Using the existing Icelandic L. arenarius accessions, we are examining the genetic diversity at molecular level, using DNA profiling techniques, in particular PCR-based methods and micro-satellite analysis. DNA has been isolated from individual seeds collected from open-pollinated populations. Random oligo-primers have been used to amplify the seed genomic DNA, following the standard method of Williams et al. (1990), and we now have established about ten primers that detect polymorphisms within and between lymegrass populations (Birkir ١r Bragason and Kesara Anamthawat-Jˇnsson, unpublished). The molecular markers will be analyzed statistically to get an estimation of genetic distance within and between accessions, in a form of a dendrogram where “diversity” and “relatedness” are quantified using cluster analysis of similarity coefficients and principal component analysis. The method would be similar to those used to estimate genetic diversity based on RFLP (Restriction Fragment Length Polymorphism) data in wheat (Siedler et al., 1994) and oilseed rape (Diers and Osborn, 1994). The molecular diversity data are also useful for breeding because the markers can be mapped, allowing identification of important genes.

At the interspecific level, the diversity can also be examined by cytogenetic methods. Large seed Leymus includes three main species: the northern European lymegrass (L. arenarius), the northern American lymegrass (L. mollis) and the central Eurasian L. racemosus. Although these species have distinct centres of diversity (HultÚn and Fries, 1986), their geographical distributions are wide spread and the species boundaries overlap. For example, some populations of L. arenarius reach central Europe, and the species is further extended to southern Europe by introduction. In these margins, L. arenarius populations are likely to come into contact with those of L. racemosus and exchanges of genetic material can occur. On the northwestern boundary of L. arenarius, the populations overlap with those of L. mollis in Greenland, where L. arenarius was probably introduced for cereal growing purpose during the Norse period (Ahokas and Fredskild, 1991). There, the hexaploid lymegrass, having the chromosome number of interspecific hybrid between L. arenarius and L. mollis, has often been identified. Such hybrids are carriers for gene transfer between species, and therefore cytogenetic and molecular studies of these natural Leymus hybrids will give insights into the level of gene flow in association with the environments.

Lymegrass species are allopolyploids consisting of genomes presumably deriving from two different ancestral species, one of which is a related perennial grass in the genus Psathyrostachys, but the other is of an unknown origin (Wang and Jensen, 1994; Sun et al., 1994; Wang et al., 1995). The work is now concentrated on isolating genomespecific DNA probes (Anamthawat-Jˇnsson and Heslop-Harrison, 1993) and using them to characterize different lymegrass species and hybrids. A recent study by ěrgaard and Heslop-Harrison (1994) indicated many chromosomal regions where the DNA sequences of Leymus and Psathyrostachys have been evolutionarily diverged. Such sequences, when isolated, will be useful for detecting changes that have occurred between the different Leymus genomes and between closely related species. The understanding of genomic relationships will help reveal mechanisms underlying the lymegrass diversity.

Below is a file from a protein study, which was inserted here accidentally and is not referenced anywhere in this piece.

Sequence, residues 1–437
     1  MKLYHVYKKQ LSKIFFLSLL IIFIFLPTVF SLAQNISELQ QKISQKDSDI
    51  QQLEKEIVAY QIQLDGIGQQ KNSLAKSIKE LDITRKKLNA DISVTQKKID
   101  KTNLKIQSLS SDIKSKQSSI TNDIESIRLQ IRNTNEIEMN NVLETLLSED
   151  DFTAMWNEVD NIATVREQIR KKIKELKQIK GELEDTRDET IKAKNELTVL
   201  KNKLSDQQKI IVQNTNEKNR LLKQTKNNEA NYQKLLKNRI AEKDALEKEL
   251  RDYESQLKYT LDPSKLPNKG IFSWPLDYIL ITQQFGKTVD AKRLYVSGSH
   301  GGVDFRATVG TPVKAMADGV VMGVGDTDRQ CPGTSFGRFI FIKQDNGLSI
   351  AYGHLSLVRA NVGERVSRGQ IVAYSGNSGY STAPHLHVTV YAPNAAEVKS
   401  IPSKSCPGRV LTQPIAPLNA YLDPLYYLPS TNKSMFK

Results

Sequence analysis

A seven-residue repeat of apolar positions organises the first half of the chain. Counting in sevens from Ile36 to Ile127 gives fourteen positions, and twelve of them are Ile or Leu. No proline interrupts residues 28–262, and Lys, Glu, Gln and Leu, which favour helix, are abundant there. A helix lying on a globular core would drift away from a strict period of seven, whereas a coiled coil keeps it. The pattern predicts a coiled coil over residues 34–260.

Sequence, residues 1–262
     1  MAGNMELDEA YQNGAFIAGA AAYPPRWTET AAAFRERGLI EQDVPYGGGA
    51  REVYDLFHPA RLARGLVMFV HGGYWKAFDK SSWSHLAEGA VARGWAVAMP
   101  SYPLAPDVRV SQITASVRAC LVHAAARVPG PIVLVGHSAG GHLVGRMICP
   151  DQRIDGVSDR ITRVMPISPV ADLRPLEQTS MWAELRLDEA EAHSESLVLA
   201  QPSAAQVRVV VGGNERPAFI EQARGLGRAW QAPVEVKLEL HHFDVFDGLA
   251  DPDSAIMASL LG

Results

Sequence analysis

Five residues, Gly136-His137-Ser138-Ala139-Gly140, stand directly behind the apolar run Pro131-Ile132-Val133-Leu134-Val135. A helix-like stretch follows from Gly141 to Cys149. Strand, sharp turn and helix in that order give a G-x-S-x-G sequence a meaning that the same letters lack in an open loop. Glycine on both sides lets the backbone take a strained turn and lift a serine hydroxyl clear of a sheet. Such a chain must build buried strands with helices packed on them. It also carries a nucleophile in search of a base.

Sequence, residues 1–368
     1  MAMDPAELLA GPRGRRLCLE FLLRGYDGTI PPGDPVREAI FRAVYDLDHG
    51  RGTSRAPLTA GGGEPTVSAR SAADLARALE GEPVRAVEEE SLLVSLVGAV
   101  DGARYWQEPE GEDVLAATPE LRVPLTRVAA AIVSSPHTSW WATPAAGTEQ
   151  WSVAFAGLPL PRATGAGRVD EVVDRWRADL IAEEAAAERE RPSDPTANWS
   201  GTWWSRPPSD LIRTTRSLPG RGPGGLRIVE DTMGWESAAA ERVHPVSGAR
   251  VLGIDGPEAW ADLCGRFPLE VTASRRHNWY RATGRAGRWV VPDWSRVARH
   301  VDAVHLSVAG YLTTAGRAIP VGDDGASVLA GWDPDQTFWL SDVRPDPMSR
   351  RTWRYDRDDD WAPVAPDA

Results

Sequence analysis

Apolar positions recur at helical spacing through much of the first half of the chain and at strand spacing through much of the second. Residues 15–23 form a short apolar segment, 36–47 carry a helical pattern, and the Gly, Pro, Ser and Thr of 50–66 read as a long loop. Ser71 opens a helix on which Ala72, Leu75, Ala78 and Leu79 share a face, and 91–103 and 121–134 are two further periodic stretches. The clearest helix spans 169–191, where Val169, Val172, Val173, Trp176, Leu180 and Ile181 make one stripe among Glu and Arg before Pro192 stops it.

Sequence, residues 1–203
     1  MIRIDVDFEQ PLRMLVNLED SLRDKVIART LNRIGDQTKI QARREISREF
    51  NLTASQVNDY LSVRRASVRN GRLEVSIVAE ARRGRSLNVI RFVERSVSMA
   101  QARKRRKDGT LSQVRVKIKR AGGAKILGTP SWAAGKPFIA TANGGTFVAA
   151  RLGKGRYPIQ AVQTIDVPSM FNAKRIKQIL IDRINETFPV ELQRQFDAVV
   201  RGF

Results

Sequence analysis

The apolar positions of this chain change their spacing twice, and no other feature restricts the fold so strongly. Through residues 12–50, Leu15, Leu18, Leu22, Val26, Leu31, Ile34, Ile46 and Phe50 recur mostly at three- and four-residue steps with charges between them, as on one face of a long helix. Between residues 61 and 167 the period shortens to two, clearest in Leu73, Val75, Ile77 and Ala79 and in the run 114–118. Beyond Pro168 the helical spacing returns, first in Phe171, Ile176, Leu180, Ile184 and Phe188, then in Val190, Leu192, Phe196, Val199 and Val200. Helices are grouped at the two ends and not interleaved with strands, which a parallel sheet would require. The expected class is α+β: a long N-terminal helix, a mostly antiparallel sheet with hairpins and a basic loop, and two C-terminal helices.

WIDE-HYBRIDIZATION AS A BREEDING STRATEGY

The use of wide (interspecific and inter-generic) hybridization as a method for crop improvement is long-established and widely practised. Its significance was emphasized for the first time in Denmark by Winge (1917) and was later realized by the successful artificial synthesis of tobacco Nicotiana digluta (Clausen and Goodspeed, 1925) and a few other dicoteledonous species. With the discovery of the colchicine technique (Blakeslee and Avery, 1937; Nebel and Ruttle, 1938), it became possible for plant breeders to repeat nature’s process of wide-hybridization and chromosome doubling. In the cereal group, triticale (Î Triticosecale Wittmack), deriving from crosses between wheat and rye (reviewed in Gupta and Priyadarshan, 1982), has been the most successful synthesized “amphiploid” (amphidiploid, wide-hybrid after chromosome doubling). A collection of over 1000 accessions and cultivars of triticale is maintained world-wide. Triticale is a common cereal crop and some of the new cultivars yield more than wheat.